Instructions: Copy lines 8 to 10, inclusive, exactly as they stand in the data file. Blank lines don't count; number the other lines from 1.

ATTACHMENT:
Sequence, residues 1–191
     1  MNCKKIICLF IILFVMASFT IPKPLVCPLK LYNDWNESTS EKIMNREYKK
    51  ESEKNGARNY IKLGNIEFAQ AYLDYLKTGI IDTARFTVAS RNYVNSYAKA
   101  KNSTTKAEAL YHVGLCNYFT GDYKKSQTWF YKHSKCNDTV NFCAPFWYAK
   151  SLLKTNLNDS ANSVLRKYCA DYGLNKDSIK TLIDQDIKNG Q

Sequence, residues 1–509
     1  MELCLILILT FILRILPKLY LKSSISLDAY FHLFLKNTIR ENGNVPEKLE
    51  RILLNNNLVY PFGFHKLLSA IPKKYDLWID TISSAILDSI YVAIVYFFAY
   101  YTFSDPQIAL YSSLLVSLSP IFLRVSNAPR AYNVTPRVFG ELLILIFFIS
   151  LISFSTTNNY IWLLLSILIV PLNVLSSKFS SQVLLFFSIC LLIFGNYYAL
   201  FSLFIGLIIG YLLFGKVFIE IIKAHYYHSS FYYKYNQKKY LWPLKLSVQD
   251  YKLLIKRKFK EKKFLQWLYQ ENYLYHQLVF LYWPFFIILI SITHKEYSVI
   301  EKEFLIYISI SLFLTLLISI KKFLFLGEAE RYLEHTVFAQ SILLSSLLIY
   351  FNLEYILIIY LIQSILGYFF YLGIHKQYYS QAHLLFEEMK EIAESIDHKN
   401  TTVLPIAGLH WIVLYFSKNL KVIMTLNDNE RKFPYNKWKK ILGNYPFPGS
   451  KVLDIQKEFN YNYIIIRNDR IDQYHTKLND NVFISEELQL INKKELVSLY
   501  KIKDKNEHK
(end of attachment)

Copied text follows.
    51  RILLNNNLVY PFGFHKLLSA IPKKYDLWID TISSAILDSI YVAIVYFFAY
   101  YTFSDPQIAL YSSLLVSLSP IFLRVSNAPR AYNVTPRVFG ELLILIFFIS
   151  LISFSTTNNY IWLLLSILIV PLNVLSSKFS SQVLLFFSIC LLIFGNYYAL